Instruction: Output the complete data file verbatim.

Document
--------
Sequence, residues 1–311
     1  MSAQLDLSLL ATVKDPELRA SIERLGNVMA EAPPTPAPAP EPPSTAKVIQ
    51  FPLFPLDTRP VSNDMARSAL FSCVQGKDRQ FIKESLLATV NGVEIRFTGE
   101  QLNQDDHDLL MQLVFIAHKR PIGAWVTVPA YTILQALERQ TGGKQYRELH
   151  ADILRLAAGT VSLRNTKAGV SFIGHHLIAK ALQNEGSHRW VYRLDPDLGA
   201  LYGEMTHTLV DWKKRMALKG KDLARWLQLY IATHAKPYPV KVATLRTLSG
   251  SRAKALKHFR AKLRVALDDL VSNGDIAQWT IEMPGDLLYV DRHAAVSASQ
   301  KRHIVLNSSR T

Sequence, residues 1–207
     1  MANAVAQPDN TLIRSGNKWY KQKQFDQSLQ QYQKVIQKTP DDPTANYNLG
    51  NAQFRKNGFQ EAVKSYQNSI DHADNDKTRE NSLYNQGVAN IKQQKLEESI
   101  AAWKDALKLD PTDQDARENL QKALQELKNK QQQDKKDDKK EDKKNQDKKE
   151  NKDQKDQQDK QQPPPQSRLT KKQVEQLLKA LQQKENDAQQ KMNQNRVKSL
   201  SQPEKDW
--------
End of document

Sequence, residues 1–311
     1  MSAQLDLSLL ATVKDPELRA SIERLGNVMA EAPPTPAPAP EPPSTAKVIQ
    51  FPLFPLDTRP VSNDMARSAL FSCVQGKDRQ FIKESLLATV NGVEIRFTGE
   101  QLNQDDHDLL MQLVFIAHKR PIGAWVTVPA YTILQALERQ TGGKQYRELH
   151  ADILRLAAGT VSLRNTKAGV SFIGHHLIAK ALQNEGSHRW VYRLDPDLGA
   201  LYGEMTHTLV DWKKRMALKG KDLARWLQLY IATHAKPYPV KVATLRTLSG
   251  SRAKALKHFR AKLRVALDDL VSNGDIAQWT IEMPGDLLYV DRHAAVSASQ
   301  KRHIVLNSSR T

Sequence, residues 1–207
     1  MANAVAQPDN TLIRSGNKWY KQKQFDQSLQ QYQKVIQKTP DDPTANYNLG
    51  NAQFRKNGFQ EAVKSYQNSI DHADNDKTRE NSLYNQGVAN IKQQKLEESI
   101  AAWKDALKLD PTDQDARENL QKALQELKNK QQQDKKDDKK EDKKNQDKKE
   151  NKDQKDQQDK QQPPPQSRLT KKQVEQLLKA LQQKENDAQQ KMNQNRVKSL
   201  SQPEKDW